**A**) discrepancy between model estimates and field measurements, and (

**B**) percentage of data where model estimates are between 0.5 and 2 of field measurements. (*) Results of applying the simple regression model independently to each group of channel morphologies (plane-bed, riffle-pool, step-pool, and multi-thread).

**Figure 4.**Differences in EEI (see Section 2.3 in the text for a description of this index) according to channel morphology for the compiled data set.

**Figure 5.**Differences in (

**A**) channel width, (

**B**) D

_{84}, (

**C**) dimensionless critical stream power, and (

**D**) and flow duration, according to channel morphology for the compiled data set.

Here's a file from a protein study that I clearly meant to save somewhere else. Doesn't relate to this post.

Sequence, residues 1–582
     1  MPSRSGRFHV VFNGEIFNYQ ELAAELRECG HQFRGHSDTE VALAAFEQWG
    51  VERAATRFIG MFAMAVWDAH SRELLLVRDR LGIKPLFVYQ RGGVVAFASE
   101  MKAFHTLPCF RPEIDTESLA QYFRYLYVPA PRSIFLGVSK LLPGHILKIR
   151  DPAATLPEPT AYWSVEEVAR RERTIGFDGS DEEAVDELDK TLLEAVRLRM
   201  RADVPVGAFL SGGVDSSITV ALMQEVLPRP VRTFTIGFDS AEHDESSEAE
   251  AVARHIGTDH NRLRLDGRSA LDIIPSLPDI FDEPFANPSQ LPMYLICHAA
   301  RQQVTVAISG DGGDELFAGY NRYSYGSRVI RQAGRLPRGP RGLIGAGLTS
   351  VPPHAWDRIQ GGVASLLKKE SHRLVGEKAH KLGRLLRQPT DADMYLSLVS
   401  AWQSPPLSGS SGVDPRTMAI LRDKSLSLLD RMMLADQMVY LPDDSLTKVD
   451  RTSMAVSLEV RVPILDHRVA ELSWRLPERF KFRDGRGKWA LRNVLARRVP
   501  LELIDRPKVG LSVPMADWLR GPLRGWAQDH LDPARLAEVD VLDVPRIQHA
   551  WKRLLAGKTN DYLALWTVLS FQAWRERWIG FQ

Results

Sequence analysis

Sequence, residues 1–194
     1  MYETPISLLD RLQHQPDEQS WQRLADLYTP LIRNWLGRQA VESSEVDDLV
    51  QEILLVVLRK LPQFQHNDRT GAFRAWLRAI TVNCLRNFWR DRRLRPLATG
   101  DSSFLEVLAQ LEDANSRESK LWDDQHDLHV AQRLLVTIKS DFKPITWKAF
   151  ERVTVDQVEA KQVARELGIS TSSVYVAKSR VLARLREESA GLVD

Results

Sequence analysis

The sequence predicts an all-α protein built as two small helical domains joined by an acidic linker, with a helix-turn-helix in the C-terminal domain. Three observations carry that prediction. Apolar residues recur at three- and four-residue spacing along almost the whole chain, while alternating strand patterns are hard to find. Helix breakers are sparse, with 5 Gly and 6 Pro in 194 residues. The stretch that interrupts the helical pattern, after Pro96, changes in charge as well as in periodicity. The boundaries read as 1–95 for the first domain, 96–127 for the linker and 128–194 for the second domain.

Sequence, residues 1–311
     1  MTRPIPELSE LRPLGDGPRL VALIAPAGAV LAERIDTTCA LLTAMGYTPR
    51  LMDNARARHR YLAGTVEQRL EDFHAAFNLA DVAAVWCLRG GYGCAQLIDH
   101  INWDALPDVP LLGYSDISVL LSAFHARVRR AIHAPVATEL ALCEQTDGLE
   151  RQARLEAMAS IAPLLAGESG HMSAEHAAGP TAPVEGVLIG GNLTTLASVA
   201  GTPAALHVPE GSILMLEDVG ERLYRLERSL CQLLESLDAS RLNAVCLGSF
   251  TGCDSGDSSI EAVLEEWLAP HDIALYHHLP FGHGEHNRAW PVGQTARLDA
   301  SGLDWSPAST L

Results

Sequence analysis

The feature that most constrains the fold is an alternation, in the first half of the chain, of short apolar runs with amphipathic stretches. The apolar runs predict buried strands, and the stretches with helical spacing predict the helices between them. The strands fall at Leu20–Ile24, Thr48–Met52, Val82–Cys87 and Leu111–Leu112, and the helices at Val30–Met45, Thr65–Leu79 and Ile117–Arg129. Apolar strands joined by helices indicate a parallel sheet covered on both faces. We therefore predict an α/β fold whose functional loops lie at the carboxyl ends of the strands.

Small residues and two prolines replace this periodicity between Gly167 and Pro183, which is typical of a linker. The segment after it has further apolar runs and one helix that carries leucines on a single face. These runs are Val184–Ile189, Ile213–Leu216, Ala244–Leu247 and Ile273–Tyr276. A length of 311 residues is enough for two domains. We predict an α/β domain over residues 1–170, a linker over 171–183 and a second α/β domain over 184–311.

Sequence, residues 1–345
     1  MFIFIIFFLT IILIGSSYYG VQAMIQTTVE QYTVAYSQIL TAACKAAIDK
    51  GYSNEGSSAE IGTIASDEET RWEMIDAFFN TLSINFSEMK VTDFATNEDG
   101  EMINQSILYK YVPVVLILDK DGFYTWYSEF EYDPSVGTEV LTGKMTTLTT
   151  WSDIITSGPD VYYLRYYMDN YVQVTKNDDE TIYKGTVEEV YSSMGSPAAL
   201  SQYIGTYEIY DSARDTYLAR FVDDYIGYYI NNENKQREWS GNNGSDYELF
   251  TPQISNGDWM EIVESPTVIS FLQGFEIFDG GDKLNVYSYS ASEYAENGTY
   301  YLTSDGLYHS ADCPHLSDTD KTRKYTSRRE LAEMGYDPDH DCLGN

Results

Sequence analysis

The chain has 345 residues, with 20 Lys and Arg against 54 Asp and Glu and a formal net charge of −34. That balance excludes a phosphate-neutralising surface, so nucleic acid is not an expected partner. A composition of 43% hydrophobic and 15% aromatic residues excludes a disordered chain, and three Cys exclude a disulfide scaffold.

Data Set | W (m) | S | D_{50} (mm) | L (m) | Measuring Procedure | Observations | Recovery (%) | Q (m^{3}/s) | Q_{c} (m^{3}/s) [Estimation Method] | Seeding Procedure | Survey Duration | Stream Type | Source |
---|---|---|---|---|---|---|---|---|---|---|---|---|---|

Lainbach | 10.0 | 0.020 | 120 | 15–451 | No information | Mean distances estimated for all tracers and for moving tracers only | 17–100 | 3.2–165.0 | 3 [First tracer movements] | Tracers seeded on pools, steps, bars, and the toss side of large boulders | 4 years | Step-pool | [71]: Gintz et al. (1996) |

Spruce creek | 6.0 | 0.120 | 86 | 163.8–513.9 | Straight line distance between the initial location and the point of the final deposition | Mean distances estimated for moving tracers only | 83–92 | 1.2–2.0 | 1 [Discharge above 25% of clasts are mobile] | Tracers seeded along cross sections on the channel bed | 3.5 years | Step-pool | [24]: Lamarre and Roy (2008) |